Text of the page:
HIGH POINT, N.C. (WGHP) — If there’s any doubt David Congdon loves his hometown, look no further than an area off West English Road in High Point, just a few yards from the outfield of the city’s new downtown baseball stadium.
It’s a place in which he’s put both his heart and his pocketbook.
More than 80 years ago, it was a bustling Adams-Millis hosiery factory complex.
Today, it’s Congdon Yards. Congdon, through his family’s foundation, is pumping $40 million into it.
But, he says, it’s at a crossroads. More on that in a few paragraphs. First, a little more history.
I first profiled Congdon as a Newsmaker in 2008.
Back then, he was president and CEO of Old Dominion Freight Line, one of the world’s largest trucking and logistics companies now based in Thomasville.
Congdon’s grandparents founded the company in Virginia around the same time the High Point Adams-Millis factory was firing on all cylinders: 1934. Congdon’s father, Earl, moved Old Dominion to High Point in 1962. And this is where Congdon did most of his growing-up.
Today, Old Dominion has a new CEO, but Congdon remains as the company’s executive board chairman.
“We’re blessed,” he told me in a recent virtual interview from his home on the North Carolina coast. “We’ve had a very successful company. It’s all because of Old Dominion and the success of OD that we have the philanthropic dollars that we have today.”
And today, much of that money’s being spent on the development of Congdon Yards, which Congdon purchased in 2019 at a time when the city’s new baseball stadium was generating a lot more interest in High Point’s downtown — which normally bustled just twice a year during the fall and spring furniture markets.
“We felt like downtown High Point needed more than just a ballfield in order to create destination,” he said.
Today, Congdon Yards consists of two main buildings: “Plant 7” and “The Factory.”
The Factory is primarily an event/entertainment venue.
A large multi-room area on the top floor people can rent for events like weddings and parties is called “The Loft.” At least two restaurants are planned elsewhere in the building.
Plant 7 is what drew Congdon’s interest in the first place via his work with the local chamber of commerce.
“Some of the members of our chamber got involved in those organizations that were studying downtown transformations across the country, “ he said. “We wanted to crank something up and we thought about co-working spaces.”
Co-working is a concept in which workers of different companies share office space — allowing cost savings and convenience. And this is what most of Plant 7 is.
For instance, the consulting firm Change Often has office space in the building. And not too far away are the brand new offices of the High Point Community Foundation. And this isn’t all.
On the first floor, a place called “The Generator” makes industrial-grade woodworking machinery (it really looks like a modern furniture factory) accessible to furniture designers, makers and architects.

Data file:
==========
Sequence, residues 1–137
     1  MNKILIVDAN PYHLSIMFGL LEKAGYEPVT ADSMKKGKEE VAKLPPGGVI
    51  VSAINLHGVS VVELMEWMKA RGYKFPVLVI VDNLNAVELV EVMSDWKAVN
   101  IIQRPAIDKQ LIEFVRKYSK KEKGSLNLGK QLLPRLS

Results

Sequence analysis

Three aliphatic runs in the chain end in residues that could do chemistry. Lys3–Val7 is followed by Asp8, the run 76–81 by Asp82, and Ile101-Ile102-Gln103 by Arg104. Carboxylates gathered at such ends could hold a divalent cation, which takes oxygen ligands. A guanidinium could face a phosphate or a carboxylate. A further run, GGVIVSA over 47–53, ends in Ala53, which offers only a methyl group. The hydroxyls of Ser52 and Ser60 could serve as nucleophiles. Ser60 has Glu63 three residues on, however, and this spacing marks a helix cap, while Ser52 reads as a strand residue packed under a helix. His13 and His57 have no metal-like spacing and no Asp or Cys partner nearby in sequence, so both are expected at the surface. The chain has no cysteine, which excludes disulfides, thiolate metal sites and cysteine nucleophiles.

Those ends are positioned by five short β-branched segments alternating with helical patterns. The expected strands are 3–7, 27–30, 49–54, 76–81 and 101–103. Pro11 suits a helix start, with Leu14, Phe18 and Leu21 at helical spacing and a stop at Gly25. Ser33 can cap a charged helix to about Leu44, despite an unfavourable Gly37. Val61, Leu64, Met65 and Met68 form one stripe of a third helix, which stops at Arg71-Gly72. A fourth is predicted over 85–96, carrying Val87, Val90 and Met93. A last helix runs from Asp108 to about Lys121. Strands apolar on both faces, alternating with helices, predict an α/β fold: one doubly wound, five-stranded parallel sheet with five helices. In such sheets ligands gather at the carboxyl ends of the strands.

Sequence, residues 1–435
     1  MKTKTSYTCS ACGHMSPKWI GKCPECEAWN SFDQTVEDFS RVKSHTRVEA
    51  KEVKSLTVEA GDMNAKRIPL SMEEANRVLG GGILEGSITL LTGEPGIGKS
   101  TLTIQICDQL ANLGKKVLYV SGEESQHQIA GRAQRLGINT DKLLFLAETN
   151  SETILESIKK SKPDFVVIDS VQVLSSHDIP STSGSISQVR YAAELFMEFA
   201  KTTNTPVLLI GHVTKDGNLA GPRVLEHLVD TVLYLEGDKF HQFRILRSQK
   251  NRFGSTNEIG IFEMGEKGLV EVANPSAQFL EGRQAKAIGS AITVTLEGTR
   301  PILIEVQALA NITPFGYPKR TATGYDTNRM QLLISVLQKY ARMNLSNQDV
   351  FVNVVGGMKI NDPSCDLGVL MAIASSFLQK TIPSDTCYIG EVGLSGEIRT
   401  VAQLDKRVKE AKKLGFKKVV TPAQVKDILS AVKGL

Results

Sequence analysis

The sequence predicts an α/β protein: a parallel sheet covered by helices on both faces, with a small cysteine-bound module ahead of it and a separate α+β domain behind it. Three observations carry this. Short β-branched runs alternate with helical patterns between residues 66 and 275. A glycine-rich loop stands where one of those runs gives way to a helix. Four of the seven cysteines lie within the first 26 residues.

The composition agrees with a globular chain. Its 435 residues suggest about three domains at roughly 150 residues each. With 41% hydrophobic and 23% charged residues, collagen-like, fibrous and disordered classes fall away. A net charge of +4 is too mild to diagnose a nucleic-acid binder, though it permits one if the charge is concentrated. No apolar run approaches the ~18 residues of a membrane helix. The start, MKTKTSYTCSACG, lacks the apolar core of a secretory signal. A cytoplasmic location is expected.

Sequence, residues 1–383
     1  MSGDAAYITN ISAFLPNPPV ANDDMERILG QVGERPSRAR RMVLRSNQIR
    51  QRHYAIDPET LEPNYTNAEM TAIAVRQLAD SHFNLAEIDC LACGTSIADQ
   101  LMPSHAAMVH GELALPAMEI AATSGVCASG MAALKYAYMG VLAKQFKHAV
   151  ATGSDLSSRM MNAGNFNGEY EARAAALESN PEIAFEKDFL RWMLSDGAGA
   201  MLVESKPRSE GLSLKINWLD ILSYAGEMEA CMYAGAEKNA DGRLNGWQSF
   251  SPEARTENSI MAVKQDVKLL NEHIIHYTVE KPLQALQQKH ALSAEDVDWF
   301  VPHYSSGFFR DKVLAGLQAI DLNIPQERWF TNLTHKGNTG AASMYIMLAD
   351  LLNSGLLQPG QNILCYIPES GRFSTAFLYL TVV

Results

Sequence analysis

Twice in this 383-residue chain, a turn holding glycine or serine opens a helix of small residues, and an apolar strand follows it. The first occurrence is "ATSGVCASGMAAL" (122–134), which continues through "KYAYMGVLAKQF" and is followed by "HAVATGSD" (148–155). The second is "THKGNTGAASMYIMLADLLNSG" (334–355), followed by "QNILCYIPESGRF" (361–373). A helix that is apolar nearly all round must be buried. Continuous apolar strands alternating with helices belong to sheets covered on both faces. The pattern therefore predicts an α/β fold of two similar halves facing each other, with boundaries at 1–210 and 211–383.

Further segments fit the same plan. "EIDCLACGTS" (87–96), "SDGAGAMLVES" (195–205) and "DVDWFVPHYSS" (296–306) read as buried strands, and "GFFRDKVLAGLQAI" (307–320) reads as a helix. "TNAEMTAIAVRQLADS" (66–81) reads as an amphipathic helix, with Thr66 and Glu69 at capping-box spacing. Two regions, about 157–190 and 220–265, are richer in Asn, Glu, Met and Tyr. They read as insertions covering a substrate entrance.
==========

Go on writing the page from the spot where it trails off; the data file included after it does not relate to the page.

And “The Commons”— with all its furniture made by local companies — and its “Lil’s Coffee Bar” (named after Congdon’s grandfather) — is a community gathering space with free Wi-Fi that’s open to everyone.
Now to that “crossroads” part of the story.
“I would say we’re probably at least two to three years before we break ground on the event hall,” Congdon told me.
Yes, he wants to build an event hall/convention-like center in the parking lot (which he owns) next to The Factory. But can’t, he says, until High Point solves what he calls its “hotel problem.”
He describes it as a lack of upper-end hotel rooms in the city’s core.
The Red Lion (formerly The Radisson) Hotel currently closed and under renovation on Main Street isn’t enough.
“If we build an event hall and are hosting events at Congdon Yards, we really need something more like one block away or part of our property, not five blocks away.”
So, like the “take action” person he is, Congdon has purchased property across English Road from Congdon Yards at the site of the old Paul Robert Showroom. This is where he’d like to see a 120-140-room hotel. But he’s quick to point out he’s not a hotel developer.
But there is a team in place working on it. Congdon may eventually get a little more involved in that team’s work. He’s just not sure yet.
“We have some folks who are pulling the trigger now,” he said. “They are working with Marriott Hotels. (But) the brand selection is not finalized.”
So, in the meantime, Congdon will focus his attention on Congdon Yards, which the combined Business High Point/Chamber of Commerce manages, leases for $1 a year and is in the process of moving its headquarters into.
In other words, his love affair with his hometown continues.
For more information on Congdon Yards, click here.
For more information on Business High Point/Chamber of Commerce, click here.
For more information on Old Dominion Freight Line, click here.